What is CSA?

Community Supported Agriculture is what CSA stands for and you may have only heard of it if you're a Slow Food fan or a recent immigrant from Europe or the USA...where it's a popular way for farmers & producers to connect with the public. Consumers who join a CSA commit to buying a certain amount of fresh produce for the year (in advance), so that the producer has some certainty that their efforts in producing organic & sustainable food do not go to waste, and so they have a future in food production. In return the consumer gets fantastic fresh produce for a fair price delivered on a regular basis. You can read more about it below, but for now you probably want to know what it means and what's in it for you, right?  In a nutshell, we've adopted this model so that you - as a member of our CSA - get regular deliveries of our delicious organically grown wine for a great price in return for your commitment for a 12-month period. We're calling it the Tractor Seat CSA Club - it's a bit like a wine club...only better!  It's free to join plus there's lots of added benefits too, including substantial discounts, free Wine Flights and member parties. We will also keep you informed throughout the growing season on conditions and what is going on in the vineyard.  Click here to delve into the Oranje Tractor offer or see below for some history about CSA and how it works.

parsley.jpg

The history of CSA

Community supported agriculture (CSA) farms originated in Germany, Switzerland, and Japan in the 1960’s for consumers seeking safe food and for farmers looking for a stable market. The concept was implemented the U.S. in the 1980s in response to the direction that agriculture was going, and is still going, toward large scale corporate farming.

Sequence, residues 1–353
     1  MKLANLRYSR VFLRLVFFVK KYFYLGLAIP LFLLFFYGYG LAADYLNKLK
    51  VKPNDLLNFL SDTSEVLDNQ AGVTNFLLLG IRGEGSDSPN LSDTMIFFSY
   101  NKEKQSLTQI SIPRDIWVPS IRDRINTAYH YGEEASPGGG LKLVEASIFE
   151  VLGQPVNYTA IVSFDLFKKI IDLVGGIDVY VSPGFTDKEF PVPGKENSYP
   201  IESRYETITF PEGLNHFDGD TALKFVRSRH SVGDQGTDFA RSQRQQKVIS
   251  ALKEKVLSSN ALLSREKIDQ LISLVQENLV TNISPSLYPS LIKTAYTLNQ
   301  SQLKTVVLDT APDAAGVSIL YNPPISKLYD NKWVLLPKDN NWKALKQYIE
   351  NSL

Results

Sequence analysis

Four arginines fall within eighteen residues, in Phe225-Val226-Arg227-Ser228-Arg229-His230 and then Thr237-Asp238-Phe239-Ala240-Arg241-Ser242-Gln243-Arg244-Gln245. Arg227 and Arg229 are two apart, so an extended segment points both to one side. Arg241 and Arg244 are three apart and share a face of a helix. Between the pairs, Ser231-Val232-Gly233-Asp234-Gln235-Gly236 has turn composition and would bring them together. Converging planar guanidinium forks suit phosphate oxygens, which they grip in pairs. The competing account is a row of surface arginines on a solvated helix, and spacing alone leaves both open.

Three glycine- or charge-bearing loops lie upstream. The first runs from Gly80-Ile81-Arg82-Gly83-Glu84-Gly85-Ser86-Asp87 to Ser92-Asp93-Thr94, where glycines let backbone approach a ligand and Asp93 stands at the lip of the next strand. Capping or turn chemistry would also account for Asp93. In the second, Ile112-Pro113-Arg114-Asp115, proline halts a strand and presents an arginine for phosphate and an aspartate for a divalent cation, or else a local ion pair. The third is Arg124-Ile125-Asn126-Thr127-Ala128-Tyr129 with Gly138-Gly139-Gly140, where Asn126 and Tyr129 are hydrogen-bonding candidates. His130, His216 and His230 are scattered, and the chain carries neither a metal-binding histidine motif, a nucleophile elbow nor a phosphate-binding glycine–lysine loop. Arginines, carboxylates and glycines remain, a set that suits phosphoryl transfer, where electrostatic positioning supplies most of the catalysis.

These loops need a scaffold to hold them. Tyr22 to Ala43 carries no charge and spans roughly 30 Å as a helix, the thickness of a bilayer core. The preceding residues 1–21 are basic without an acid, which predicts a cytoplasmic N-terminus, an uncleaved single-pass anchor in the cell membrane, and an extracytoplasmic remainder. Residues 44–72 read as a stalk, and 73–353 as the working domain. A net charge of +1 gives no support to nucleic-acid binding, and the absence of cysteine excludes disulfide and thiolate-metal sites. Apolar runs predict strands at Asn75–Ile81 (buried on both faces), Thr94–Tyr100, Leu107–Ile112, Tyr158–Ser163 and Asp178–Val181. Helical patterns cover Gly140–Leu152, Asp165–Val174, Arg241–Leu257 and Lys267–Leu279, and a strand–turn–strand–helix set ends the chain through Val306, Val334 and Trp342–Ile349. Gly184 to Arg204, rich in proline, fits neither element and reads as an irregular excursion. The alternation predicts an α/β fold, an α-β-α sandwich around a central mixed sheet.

Farmers wished to cut out the middle person and connect with buyers. Consumers wished to make a more personal connection with the origins of food, and wanted a healthier, practical, and environmentally sustainable way to acquire food. As a member of a CSA farm, you often have the opportunity to visit, volunteer at, and learn about the farm.

More recently, small organic wine producers in the USA have adopted the CSA model and have become Community Supported Vineyards or Wineries.  What's good for the goose, is good for the gander, even if we are a few thousand miles away!

HOW CSA works

In its simplest form a CSA farm offers "shares" to be bought by members, which is an up-front annual fee that helps the farmer cover a portion of their operational costs for the season. In return members receive a box of fresh produce at regular intervals (usually every week) during the farming season.  The US wine producers who have adopted the model provide annual and biannual deliveries of wine, rather than weekly or monthly, because wine is a bit different to fruit and vegetables.  We tend to agree. 

Benefits of CSA

The benefits of CSA farms are numerous, and include health and cost advantages to consumers, greater knowledge of food production issues support for farmers and an improved sense of shared community.  Sustaining small, family-owned vineyards and wineries is a goal worth pursuing - in our humble opinion...but then we are a little biased, aren't we? Ready to join now?

upcycled tractor.jpg